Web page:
First up, we catch up with the upcoming primaries and caucuses in Nevada and South Carolina with a look at the current polls on both the Republican and Democratic sides (some of which, if accurate, is quite surprising!) All of which offers another swell excuse to remind you about the oft-failed, easily-hackable, 100% unverifiable touch-screen voting systems that will, incredibly enough, once again be in use across South Carolina this year.
That, despite the infamous 2010 election in SC which resulted in a guy who nobody had ever heard of (Alvin Greene) — a 32-year old man who did not campaign, had no campaign website, had no job, didn't even own a cell phone — somehow being named the winner of the state's Democratic primary for the U.S. Senate! Somehow, as we covered in great detail at the time, he managed to "defeat" a popular former Circuit Court Judge named Vic Rawl (who did campaign across the entire state!) in the bargain.
Those same failed machines will once again be in use, not only in SC for this Presidential Election year, but also in many other states as well, including Ohio where some are reportedly failing already. In Lee County, FL, in the meantime, a candidate for Supervisor of Elections and a cybersecurity expert are now being investigated by state officials after the pair released a YouTube video showing how easy it was to hack into the main County Elections website server.
And, speaking of hacking, we are joined today by Corynne McSherry, Legal Director for the Electronic Frontier Foundation (EFF), to explain the debate over Apple's challenge to a federal court order requiring the company to break their own secure encryption technology in order, supposedly, to help the U.S. Government in their investigation of last December's horrific San Bernardino massacre.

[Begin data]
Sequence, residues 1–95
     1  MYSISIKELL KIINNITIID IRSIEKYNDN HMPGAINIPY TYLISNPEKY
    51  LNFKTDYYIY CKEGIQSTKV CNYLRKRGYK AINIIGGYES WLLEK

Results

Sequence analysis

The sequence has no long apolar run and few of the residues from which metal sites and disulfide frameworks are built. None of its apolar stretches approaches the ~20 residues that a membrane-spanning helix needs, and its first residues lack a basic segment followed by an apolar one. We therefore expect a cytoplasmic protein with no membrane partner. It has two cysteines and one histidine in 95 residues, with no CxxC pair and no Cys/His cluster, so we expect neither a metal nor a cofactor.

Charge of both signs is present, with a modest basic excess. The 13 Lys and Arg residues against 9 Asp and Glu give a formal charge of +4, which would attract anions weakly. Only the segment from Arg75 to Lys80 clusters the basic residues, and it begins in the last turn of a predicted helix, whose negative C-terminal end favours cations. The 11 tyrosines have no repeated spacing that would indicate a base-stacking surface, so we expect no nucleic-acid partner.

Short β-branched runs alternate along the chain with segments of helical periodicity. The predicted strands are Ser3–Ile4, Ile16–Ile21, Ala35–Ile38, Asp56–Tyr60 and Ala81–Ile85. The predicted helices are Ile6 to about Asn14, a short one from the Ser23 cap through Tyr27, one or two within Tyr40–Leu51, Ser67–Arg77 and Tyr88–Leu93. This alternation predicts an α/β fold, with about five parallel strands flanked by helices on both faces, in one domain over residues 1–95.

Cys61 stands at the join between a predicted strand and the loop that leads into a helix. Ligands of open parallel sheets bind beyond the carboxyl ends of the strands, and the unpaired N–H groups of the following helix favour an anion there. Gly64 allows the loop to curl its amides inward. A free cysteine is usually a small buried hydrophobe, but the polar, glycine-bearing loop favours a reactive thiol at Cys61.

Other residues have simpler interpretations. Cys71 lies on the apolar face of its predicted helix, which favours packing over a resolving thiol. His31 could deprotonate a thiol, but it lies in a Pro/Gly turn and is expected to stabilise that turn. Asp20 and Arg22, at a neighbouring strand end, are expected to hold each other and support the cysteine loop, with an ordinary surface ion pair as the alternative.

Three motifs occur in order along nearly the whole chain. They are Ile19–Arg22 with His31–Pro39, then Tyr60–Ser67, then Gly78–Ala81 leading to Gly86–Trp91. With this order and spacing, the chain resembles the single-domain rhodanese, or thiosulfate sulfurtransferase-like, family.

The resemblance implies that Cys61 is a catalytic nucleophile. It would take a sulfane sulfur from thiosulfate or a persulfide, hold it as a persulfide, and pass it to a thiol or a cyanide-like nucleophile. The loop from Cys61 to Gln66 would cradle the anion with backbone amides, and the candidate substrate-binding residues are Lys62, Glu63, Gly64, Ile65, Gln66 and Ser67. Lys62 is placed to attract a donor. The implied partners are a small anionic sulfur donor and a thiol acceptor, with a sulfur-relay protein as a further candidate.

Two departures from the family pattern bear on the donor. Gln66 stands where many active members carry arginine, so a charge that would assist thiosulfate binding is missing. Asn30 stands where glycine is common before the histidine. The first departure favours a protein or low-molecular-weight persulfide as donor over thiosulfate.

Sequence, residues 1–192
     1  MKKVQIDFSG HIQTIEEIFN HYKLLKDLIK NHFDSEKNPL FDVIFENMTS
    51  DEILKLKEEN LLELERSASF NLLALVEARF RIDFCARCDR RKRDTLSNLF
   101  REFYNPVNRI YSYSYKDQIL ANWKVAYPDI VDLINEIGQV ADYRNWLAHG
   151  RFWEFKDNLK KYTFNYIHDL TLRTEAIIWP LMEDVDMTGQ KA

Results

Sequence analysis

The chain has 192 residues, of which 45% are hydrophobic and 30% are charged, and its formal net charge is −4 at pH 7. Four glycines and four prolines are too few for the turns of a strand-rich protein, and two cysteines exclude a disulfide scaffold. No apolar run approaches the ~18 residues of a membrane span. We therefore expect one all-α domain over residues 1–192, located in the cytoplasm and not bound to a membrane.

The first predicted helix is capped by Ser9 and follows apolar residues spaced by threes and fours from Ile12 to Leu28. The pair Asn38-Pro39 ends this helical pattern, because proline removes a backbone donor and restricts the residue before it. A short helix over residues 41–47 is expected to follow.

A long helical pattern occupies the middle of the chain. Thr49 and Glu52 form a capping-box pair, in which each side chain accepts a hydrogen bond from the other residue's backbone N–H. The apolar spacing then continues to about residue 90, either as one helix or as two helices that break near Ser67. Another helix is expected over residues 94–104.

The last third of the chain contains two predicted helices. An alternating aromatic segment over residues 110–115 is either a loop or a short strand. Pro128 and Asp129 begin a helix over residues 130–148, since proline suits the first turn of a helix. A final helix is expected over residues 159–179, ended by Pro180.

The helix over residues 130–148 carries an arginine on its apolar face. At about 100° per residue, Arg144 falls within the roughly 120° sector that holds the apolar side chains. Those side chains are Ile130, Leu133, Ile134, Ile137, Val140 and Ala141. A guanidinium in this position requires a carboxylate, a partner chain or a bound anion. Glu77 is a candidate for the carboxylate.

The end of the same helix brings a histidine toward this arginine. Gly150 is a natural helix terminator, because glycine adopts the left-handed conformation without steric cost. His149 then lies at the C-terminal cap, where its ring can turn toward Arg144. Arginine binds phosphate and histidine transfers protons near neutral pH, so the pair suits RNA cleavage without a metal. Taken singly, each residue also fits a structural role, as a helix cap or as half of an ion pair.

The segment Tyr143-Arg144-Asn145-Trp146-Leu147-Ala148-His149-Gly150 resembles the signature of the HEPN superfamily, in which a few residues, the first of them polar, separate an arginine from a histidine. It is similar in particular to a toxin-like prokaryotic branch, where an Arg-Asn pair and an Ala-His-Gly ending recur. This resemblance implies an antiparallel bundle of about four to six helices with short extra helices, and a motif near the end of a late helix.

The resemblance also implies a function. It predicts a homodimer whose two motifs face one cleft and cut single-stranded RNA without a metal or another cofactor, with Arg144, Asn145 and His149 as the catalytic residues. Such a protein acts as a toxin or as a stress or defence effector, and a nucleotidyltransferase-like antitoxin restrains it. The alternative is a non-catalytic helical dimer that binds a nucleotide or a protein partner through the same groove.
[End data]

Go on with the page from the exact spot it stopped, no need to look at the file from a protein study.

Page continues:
McSherry explains why EFF supports Apple's position here and opposes the "quite extraordinary" pressure by the Federal magistrate to force private companies to give the U.S. Government special, backdoor access to otherwise secure software systems. In this case, it is one of the shooter's iPhone's that law enforcement officials are still unable to unlock.
"I don't know about you, but I don't have a tremendous amount of trust in the government's ability to make sure that that backdoor that Apple builds for them is kept secure. We know that government databases are hacked all the time," she tells me. "There's sort of this notion that you can just have a golden key and only good guys will use it. That's not how it works in practice. Ask any security expert and they will tell you. Once you build it, it will be used for nefarious purposes as well as laudable purposes."
McSherry believes it is no accident that federal officials are using the very high-profile San Bernardino case to try and set their precedent. "I don't think they chose this particular phone accidentally. I think that they chose this to be the case because they're hoping that people will be distracted from the very real thing that's happening here, which is that this is the first time that a company will be required — required — to build code in order to assist law enforcement to build a back door. That's really the precedent that the government is after here." Listen below to the entire fascinating conversation and, yes, a bit more on Scalia and why he was down at that wealthy businessman's ranch for a free vacation over the weekend in the first place…
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